A short introdution to name pipes as I see them.

In the Linux world name pipes are typically used to permit communications between 2 unrelated processes. Name pipes are also known as FIFOs (first in, first out), normally used to establish a one-way flow of data.(half-duplex). Name pipes have a path name of a file associated with them, this is how calling process will reference the name pipes.

Name pipes are file system persistent objects. What this means is that name pipes are always available till the time they are explicitly deleted from the file system as they are represented by as standard files on the file-system. As for standard pipes that we religiously use in our day to day Linux life also known as anonymous pipes are process persistent objects meaning that the name pipes are removed as soon as the processes no longer use them.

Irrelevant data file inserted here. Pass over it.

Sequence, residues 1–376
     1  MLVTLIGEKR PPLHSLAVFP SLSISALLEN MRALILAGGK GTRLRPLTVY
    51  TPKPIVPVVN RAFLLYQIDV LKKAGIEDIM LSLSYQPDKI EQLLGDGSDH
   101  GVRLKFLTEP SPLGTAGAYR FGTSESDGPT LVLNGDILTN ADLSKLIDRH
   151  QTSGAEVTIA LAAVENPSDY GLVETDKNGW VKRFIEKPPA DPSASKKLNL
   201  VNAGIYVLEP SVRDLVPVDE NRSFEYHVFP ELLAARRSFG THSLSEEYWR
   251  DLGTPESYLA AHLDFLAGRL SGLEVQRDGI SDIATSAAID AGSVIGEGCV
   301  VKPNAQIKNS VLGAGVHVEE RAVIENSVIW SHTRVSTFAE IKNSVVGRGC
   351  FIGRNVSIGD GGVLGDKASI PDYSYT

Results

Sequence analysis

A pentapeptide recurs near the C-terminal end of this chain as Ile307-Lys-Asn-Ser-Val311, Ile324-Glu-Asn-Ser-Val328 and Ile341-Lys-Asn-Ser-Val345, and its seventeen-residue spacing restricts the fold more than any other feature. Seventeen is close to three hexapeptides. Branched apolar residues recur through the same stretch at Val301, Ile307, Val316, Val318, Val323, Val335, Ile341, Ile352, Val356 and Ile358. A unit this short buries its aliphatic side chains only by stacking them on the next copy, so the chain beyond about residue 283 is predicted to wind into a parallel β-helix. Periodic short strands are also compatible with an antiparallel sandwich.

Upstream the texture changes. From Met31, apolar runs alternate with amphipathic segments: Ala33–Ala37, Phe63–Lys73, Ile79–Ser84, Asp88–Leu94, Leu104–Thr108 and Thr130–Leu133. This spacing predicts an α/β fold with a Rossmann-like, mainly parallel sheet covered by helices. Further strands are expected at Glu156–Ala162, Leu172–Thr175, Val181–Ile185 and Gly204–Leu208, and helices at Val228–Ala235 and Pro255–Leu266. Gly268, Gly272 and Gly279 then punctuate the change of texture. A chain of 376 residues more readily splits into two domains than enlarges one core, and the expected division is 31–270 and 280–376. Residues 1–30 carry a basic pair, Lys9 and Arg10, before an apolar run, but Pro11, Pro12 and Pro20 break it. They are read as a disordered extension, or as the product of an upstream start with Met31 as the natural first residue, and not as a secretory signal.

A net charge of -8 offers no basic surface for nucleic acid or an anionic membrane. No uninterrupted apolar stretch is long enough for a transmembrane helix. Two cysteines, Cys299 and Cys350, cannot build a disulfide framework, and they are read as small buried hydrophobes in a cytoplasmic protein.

What does mkfifo do

mkfifo is used to create a FIFOs(name pipe). “mkfifo test-pipe”, now we have a name pipe called “test-pipe”.

“ls > test-pipe”, this pipes the output of the ls command into the name pipe “test-pipe”.

“cat name-pipe | while read line i; do rm -f $i; done” this will delete the files passed. At this point the “test-pipe” will be empty. “cat test-pipe” will come up blank.

I’ve added a screen-shots of the above in action on the next page. Check it out.

I’m not a Linux guru yet, so guys if my information not accurate or if there is a better way to improve my example please feel free to comment.